La Quinta Testing Noise Compliance Program; Aimed At Mitigating STVR Complaints

La Quinta Testing Noise Compliance Program; Aimed At Mitigating STVR Complaints

Nico Payne

The City of La Quinta has recently spent a significant amount of time addressing short-term rental complaints.

As the city decides on whether new short-term rental permits will stay, a new program has come into play, a program aimed at mitigating noise complaints.

“I am opposed 100% to short-term vacation rentals. we have simply too many to control and it seems to me that most of the people that have bought homes are asking the city to protect their investment,” explained Alan Woodruff, La Quinta Resident.

“Yes there is a moratorium based on Covid, so we took from something that was really driven from that Covid-19 perspective and then moved it into homeowner complaint,” explained Kristen Perry STVR homeowner in La Quinta.

The short-term rental debate re-ignited in La Quinta, the city council taking up the issue at a recent meeting, but homeowners are still unsure of the solution.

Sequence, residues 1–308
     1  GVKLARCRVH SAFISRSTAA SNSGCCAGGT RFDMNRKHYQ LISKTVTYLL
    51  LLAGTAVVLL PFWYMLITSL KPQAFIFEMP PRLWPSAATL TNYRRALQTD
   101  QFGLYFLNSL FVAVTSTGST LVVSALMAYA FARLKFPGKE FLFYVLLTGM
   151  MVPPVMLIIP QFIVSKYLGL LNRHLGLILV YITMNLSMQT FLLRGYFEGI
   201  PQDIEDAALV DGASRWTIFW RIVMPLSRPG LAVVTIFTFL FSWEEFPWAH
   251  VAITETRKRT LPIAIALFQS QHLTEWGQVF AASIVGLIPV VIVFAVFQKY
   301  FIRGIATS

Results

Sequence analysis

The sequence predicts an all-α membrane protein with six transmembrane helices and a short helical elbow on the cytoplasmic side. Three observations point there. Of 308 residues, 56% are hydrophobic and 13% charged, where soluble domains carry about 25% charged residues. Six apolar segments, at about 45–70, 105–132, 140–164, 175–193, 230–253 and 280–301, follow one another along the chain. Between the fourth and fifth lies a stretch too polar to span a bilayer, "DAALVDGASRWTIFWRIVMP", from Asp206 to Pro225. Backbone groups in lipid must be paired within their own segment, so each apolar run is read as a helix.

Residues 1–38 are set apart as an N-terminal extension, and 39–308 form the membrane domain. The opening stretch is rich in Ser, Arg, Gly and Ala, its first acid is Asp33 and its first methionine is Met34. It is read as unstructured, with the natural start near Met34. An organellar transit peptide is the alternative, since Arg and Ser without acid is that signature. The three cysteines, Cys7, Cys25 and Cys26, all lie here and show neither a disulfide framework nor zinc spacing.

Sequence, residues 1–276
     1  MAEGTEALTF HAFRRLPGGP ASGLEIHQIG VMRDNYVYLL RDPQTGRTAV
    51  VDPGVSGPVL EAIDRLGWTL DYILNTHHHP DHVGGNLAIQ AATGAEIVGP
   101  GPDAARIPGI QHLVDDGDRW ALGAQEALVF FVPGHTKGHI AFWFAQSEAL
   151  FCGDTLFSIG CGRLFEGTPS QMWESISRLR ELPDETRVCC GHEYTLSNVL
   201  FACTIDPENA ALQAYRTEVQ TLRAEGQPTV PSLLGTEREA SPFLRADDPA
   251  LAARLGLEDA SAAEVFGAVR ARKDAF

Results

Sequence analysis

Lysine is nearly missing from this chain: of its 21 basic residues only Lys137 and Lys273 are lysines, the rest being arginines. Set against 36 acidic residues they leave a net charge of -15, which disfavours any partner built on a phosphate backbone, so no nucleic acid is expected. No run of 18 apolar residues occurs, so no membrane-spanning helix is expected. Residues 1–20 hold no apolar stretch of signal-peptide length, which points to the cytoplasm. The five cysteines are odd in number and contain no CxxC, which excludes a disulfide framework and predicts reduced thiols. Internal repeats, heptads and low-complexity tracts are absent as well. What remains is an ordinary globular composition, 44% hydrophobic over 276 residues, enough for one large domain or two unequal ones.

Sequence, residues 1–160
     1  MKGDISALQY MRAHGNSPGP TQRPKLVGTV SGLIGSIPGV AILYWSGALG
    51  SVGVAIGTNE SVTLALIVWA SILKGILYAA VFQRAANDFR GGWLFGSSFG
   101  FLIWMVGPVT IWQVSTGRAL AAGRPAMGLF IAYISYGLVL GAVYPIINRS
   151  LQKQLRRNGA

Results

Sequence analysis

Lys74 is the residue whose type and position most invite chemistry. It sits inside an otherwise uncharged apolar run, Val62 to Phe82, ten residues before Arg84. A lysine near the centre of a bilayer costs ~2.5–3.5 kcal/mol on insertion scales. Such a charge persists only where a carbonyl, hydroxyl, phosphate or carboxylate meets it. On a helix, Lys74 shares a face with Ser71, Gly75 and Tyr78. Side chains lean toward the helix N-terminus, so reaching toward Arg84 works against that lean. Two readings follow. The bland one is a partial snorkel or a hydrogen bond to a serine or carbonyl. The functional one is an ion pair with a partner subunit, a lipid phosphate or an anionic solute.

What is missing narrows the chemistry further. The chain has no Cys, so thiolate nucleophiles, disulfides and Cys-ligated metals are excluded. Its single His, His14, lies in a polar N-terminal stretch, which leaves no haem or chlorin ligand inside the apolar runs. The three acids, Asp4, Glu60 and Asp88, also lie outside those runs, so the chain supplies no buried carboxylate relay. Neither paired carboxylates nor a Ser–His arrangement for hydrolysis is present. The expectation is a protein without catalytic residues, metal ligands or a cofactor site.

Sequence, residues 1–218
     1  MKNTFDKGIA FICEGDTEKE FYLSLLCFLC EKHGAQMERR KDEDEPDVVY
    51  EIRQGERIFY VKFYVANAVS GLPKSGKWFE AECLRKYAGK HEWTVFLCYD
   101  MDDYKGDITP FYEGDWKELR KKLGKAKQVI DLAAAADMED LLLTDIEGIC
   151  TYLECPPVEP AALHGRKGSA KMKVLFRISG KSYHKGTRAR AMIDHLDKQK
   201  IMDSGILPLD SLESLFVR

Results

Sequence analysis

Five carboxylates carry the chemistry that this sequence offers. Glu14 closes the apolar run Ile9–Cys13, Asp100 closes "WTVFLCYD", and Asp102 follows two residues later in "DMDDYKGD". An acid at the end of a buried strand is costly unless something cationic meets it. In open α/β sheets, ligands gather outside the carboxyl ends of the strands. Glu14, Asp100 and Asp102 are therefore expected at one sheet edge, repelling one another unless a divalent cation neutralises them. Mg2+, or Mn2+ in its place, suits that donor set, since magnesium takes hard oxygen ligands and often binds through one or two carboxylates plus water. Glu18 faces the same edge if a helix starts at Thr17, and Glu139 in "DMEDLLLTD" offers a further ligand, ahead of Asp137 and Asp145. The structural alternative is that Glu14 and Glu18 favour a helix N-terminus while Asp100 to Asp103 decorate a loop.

“From my perspective the way they walked away from it is, they are not willing to make a decision,” said Kristen Perry, STVR home-owner in La Quinta.

Perry owns a permitted vacation rental property in La Quinta, it’s one of 25 properties the city has selected to participate in a special pilot program.

“If there’s a noise event and it reaches above a certain threshold for a certain amount of time, then the homeowner gets an alert and says hey your tenants are being too loud, and so this give a chance for the homeowner to address the noise before it escalates,” said Jaime Torres, Community Resources Analyst with La Quinta.

The city hopes to reduce the noise complaints that have continued to pile up over the past year.

“We reached out to three of the biggest vendors in the noise compliance industry. Each of these vendors has a device that helps monitor and track noise and our goal with this is to basically see whether these devices are effective,” added Torres.

Perry welcomes the program and says so far, so good.

“I’ve had people in our permitted homes since we put those in and I keep bringing the noise monitoring down thinking maybe I’m not missing them. and I’ve yet to even get an alert and I have them at half of what the recommended setting is,” said Perry.

Results on the pilot program are expected in late June or July after 90 days, and those findings will determine if the devices will become mandatory on all vacation rental properties.

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